Where Does Autism Ontario stand on families receiving the best possible educational outcome for their child in our public school system?

Overview

School related issues continue to be the number one reason families in Ontario reach out for support from Autism Ontario Chapters and Autism Ontario Family Support Coordinators. Parents often report feeling overwhelmed, intimidated, and helpless when they are left to advocate for their child’s rights in school.

Our Chapters hear everything from requiring support transitioning a student on the spectrum into their very first classroom setting, or into high school’s rotation schedule. Navigating a daunting Individual Placement and Review (IPRC) process, or writing effective Individual Educational Plans (IEP). Soft suspensions, school exclusions and feeling like you have to be “that parent” to get anywhere can make a school day feel impossible.

Autism Ontario, in partnership with Mahony Advocacy, and in collaboration with our volunteers, professionals, educators and SEAC reps have put together educational resources, supports and services and combined them with Autism Ontario’s Educational Position Statements to help guide you in your advocacy process and ensure the information you need to effectively advocating for your child is right at your fingertips. Look for the icons to help guide you through the information.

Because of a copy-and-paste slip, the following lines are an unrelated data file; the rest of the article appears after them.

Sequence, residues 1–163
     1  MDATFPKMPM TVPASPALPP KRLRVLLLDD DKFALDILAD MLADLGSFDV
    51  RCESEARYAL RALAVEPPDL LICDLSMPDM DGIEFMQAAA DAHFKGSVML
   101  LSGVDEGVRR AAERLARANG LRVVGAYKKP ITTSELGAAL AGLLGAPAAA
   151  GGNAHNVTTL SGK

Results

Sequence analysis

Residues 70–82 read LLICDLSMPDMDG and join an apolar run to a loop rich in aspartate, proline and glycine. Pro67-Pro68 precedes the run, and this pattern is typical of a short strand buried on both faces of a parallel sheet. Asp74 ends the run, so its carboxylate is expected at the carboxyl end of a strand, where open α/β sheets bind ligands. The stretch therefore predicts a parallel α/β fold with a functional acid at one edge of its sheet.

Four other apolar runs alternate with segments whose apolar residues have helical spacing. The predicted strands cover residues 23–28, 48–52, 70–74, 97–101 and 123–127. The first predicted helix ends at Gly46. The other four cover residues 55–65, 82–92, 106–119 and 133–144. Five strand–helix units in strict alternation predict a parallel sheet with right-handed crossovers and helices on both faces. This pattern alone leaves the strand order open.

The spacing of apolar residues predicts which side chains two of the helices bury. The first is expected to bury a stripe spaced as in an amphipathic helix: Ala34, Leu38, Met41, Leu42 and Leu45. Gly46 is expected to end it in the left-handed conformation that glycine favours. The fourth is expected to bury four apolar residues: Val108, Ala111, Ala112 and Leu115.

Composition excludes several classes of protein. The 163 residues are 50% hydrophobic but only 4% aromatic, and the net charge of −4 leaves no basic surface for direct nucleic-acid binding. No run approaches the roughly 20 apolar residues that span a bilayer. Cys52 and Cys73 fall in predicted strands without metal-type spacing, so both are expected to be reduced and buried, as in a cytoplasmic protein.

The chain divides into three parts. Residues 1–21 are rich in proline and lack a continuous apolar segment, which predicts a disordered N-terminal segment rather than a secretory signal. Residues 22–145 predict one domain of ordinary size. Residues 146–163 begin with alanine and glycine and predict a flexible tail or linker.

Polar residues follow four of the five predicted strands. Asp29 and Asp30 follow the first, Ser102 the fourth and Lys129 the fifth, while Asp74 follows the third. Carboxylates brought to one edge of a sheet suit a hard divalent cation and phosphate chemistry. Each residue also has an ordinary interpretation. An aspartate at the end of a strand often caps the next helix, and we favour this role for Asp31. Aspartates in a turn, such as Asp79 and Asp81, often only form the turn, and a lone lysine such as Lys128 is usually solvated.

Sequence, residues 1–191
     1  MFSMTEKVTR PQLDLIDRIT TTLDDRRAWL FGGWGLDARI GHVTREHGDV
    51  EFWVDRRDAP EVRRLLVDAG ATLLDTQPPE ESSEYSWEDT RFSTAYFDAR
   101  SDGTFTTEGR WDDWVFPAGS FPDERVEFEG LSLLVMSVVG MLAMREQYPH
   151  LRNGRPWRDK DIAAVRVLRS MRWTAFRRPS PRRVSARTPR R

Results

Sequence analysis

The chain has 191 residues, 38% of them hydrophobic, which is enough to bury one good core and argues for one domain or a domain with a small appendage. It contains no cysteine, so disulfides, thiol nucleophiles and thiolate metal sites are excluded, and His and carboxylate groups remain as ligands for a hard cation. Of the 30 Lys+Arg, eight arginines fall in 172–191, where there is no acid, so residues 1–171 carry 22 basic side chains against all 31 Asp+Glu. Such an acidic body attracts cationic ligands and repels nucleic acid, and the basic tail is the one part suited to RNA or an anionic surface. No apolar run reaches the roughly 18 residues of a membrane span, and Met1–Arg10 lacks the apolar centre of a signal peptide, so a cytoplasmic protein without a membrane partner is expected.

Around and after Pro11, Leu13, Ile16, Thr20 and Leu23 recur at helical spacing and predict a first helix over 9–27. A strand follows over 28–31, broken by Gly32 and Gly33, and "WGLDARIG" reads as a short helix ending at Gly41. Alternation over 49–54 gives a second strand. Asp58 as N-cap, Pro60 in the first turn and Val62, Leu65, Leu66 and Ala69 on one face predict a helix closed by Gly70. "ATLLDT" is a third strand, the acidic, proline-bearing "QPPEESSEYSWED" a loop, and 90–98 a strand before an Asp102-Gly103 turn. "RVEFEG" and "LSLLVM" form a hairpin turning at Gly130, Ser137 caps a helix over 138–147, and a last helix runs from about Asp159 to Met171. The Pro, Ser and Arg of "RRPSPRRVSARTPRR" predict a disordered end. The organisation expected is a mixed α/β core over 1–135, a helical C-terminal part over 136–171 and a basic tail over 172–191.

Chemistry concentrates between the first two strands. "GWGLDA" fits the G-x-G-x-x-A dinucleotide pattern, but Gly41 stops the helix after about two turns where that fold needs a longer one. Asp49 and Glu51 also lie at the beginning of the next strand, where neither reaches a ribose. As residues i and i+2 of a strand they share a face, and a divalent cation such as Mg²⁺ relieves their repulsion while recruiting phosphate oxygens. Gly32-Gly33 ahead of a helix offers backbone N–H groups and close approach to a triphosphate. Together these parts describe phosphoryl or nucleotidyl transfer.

Our Educational Position Statements are designed to help parents resolve school issues, obtain needed educational support or service and help promote a change in the practices, policies and/or behaviors of the school system in a respectful, positive and effective way.

For support for your school related issues, please contact your local Autism Ontario Chapter, or your regional Family Support Coordinator. They can help to guide you through these resources, direct you to your local school board Special Education policies, procedures and resources, connect you with local advocates and workshops to help fine tune your advocacy skills.


What do you need to know as a parent?

Advocacy is about securing, protecting and advancing the rights of one’s self or others. Students on the autism spectrum have rights. The Ministry of Education has enacted legislation and regulations to support the education of special needs students. School boards are responsible for implementing programs in compliance with current legislation and regulations.